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German Government’s Close, post-Attack Relationship with Perpetrators of the 1972 Olympics Massacre

[1]COMMENT: In recent, past discussion of the 1972 Olympics massacre, we have highlighted how the German government had prior warning [2] of the attacks, yet took no significant security procedures, how the Black September terrorists received aid in the logistical planning [3] for the attack by German neo-Nazis, and how the chief of security for the attacks was alleged to have staged terrorist incidents [4] to be blamed on the left, as well as providing an alibi for Karlheinz Hoffman [5], head of the Nazi group that executed the 1980 Oktoberfest bombing in Munich [6].

We have also seen how the German domestic intelligence and law enforcement agencies maintain a disturbingly cozy relationship [7] with neo-Nazi organizations.

Interestingly, the German diplomat (Walter Nowak) handling much of the discussion with the Black September terrorists has a background suggestive of involvement with the vertriebene groups, one of the most salient aspects of the Underground Reich [8].

The Germany Watch blog has a worthy update on the 1972 Olympics investigation, accessed in the second excerpt below. 

That post raises a number of interesting questions, including:

At a minimum, it is apparent that the Germans took no significant steps to interdict the terrorist attack and it is difficult to avoid the view that the Underground Reich may very well have been complicit in the attack

“Germany’s Secret Con­tacts to Pales­tin­ian Terrorists” by Felix Bohr, Gun­ther Latsch and Klaus Wiegrefe; Der Spiegel; 8/28/2012. [9]

EXCERPT: Eleven Israelis and one Ger­man police offi­cer died in the Munich mas­sacre of 1972, when Pales­tin­ian ter­ror­ists took Israeli ath­letes hostage at the Olympics. Now, gov­ern­ment doc­u­ments sug­gest that Ger­many main­tained secret con­tacts with the orga­niz­ers of the attack for years after­ward and appeased the Pales­tini­ans to pre­vent fur­ther blood­shed on Ger­man soil. . . .

. . . .Wal­ter Nowak, 48, the then Ger­man ambas­sador to Lebanon, con­demned the Israeli action [killing some of the perpetrators of the 1972 Olympics attack], say­ing that the dead Pales­tini­ans were among the most “ratio­nal and respon­si­ble” mem­bers of the PLO. A day after the retal­ia­tory strike, the out­raged diplo­mat wrote a let­ter to gov­ern­ment author­i­ties in Bonn, the then-German cap­i­tal, say­ing that it was “not to be ruled out” that the Israelis had killed Abu Youssef and the oth­ers to hin­der the peace process in the Mid­dle East. “Those who don’t want to nego­ti­ate are both­ered by those they might be expected to face in nego­ti­a­tions,” he wrote.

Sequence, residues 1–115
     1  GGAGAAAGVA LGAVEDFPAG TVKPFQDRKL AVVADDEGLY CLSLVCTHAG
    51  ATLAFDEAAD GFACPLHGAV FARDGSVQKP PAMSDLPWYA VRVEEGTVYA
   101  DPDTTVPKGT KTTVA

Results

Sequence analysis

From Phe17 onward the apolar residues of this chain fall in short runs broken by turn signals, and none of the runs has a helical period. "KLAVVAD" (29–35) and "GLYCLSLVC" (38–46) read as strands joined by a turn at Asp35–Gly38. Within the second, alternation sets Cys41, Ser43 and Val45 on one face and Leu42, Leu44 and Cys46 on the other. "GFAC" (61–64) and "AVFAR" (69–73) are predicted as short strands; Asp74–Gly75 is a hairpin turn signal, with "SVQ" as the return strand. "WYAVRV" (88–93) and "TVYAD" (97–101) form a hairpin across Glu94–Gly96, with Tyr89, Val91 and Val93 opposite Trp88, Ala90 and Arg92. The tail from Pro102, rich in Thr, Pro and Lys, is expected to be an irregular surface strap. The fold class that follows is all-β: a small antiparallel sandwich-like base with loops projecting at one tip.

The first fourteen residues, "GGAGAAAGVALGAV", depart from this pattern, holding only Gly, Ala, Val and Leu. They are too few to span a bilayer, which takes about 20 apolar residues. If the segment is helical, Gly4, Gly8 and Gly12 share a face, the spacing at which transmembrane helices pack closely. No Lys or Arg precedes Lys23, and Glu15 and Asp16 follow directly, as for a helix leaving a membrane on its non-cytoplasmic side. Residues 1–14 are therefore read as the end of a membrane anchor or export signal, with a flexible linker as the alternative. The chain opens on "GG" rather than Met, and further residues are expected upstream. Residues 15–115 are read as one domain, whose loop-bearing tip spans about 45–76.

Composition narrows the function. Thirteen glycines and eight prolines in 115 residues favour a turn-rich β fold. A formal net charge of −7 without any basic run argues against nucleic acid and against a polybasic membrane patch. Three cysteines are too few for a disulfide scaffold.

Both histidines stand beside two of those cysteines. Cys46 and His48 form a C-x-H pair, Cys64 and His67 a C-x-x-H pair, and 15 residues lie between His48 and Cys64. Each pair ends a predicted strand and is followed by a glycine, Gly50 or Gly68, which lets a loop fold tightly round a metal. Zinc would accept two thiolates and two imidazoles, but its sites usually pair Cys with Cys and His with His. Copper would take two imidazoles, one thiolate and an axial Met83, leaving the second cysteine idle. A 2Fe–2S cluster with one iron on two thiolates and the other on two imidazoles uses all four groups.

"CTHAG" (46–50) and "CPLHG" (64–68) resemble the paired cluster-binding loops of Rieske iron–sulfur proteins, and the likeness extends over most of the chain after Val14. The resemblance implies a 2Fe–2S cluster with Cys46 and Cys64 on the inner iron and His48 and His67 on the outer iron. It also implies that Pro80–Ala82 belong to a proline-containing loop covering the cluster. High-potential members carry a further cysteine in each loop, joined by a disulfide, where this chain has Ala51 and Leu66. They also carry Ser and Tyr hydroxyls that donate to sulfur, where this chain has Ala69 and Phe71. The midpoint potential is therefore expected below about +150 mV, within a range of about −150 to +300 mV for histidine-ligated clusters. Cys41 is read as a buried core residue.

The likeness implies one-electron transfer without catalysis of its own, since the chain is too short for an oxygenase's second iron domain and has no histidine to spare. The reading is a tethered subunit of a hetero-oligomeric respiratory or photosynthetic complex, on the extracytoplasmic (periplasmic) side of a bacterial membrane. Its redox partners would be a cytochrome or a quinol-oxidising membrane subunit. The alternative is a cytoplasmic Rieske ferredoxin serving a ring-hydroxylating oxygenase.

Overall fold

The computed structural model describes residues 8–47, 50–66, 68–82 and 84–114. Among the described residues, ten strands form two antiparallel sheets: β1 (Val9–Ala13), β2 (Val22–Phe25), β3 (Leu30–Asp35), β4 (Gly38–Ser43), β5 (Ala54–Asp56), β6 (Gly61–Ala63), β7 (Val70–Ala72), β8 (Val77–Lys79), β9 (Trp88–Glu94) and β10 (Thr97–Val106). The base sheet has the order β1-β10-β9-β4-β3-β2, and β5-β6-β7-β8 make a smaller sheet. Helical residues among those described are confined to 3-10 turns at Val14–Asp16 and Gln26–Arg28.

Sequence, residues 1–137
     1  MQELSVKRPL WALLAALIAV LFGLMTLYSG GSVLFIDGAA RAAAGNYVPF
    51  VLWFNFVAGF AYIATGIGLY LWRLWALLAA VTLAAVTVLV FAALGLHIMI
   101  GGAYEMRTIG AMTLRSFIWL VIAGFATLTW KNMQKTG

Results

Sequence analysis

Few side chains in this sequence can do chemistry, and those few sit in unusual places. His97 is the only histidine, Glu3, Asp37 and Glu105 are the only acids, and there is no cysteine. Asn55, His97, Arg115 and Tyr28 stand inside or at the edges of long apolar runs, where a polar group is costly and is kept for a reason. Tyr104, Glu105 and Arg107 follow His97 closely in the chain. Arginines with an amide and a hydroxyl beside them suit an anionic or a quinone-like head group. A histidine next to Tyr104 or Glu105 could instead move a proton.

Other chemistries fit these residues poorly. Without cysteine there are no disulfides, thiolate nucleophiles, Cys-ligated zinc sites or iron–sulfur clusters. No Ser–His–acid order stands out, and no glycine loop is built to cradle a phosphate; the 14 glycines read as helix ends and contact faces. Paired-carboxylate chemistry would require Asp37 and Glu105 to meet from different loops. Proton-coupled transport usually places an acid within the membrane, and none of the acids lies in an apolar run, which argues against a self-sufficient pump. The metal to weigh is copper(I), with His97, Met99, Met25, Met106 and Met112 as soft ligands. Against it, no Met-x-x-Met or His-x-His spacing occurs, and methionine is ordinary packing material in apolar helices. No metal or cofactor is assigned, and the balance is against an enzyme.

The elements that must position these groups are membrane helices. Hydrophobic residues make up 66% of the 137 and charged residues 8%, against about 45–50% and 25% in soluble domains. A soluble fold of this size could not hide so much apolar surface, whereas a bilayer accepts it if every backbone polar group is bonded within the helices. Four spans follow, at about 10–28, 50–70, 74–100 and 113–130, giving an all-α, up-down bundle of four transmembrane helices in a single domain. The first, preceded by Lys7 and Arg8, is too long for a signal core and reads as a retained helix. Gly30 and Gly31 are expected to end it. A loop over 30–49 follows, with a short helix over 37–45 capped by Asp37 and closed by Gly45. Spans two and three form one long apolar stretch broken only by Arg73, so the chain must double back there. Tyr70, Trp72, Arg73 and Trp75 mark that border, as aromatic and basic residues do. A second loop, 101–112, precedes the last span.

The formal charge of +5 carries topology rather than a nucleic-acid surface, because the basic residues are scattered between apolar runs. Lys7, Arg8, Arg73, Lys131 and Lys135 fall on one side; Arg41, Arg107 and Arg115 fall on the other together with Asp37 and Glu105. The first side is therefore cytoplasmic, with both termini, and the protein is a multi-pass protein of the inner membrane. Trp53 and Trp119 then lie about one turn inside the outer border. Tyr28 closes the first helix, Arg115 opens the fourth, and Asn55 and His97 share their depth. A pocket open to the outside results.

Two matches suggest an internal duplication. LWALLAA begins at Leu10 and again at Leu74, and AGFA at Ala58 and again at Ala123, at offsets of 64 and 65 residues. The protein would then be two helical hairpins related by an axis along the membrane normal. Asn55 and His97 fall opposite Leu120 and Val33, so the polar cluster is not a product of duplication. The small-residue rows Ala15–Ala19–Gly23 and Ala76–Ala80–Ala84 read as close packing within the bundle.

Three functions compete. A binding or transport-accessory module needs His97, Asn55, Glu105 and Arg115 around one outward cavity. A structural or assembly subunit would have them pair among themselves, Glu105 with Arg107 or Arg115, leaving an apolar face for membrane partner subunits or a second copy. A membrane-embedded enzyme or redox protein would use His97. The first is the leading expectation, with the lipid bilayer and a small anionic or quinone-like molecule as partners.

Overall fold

Nowak’s idio­syn­cratic assess­ment stemmed from the mis­sion the ambas­sador was pur­su­ing at the time. Nowak had met with Abu Youssef, one of the founders of Black Sep­tem­ber, about a week before his death. In the two-hour con­ver­sa­tion, he offered Abu Youssef and other back­ers of the Munich attack the prospect of cre­at­ing “a new basis of trust” between them and the Ger­man gov­ern­ment. There was even talk of a secret meet­ing in Cairo between then For­eign Min­is­ter Wal­ter Scheel, a mem­ber of the lib­eral Free Demo­c­ra­tic Party (FDP), and Abu Youssef.

The Munich attack had occurred only six months ear­lier. Despite the still-vivid images of masked ter­ror­ists on the bal­conies of the Olympic Vil­lage and a burned-out heli­copter on the tar­mac at the NATO air­base at Fürsten­feld­bruck, there was already active but secret diplo­matic com­mu­ni­ca­tion between Ger­mans and Pales­tini­ans. West Ger­man rep­re­sen­ta­tives were talk­ing to men like Abu Youssef, Ali Salameh and Amin al-Hindi, all of them mas­ter­minds of the Munich mur­ders. Even the Ger­man Fed­eral Crim­i­nal Police Office (BKA), which is oblig­ated to pros­e­cute crim­i­nals, was involved in meet­ings, accord­ing to doc­u­ments in the Polit­i­cal Archives of the Ger­man For­eign Min­istry and the Fed­eral Archive in the west­ern city of Koblenz, which SPIEGEL has now analyzed. . . .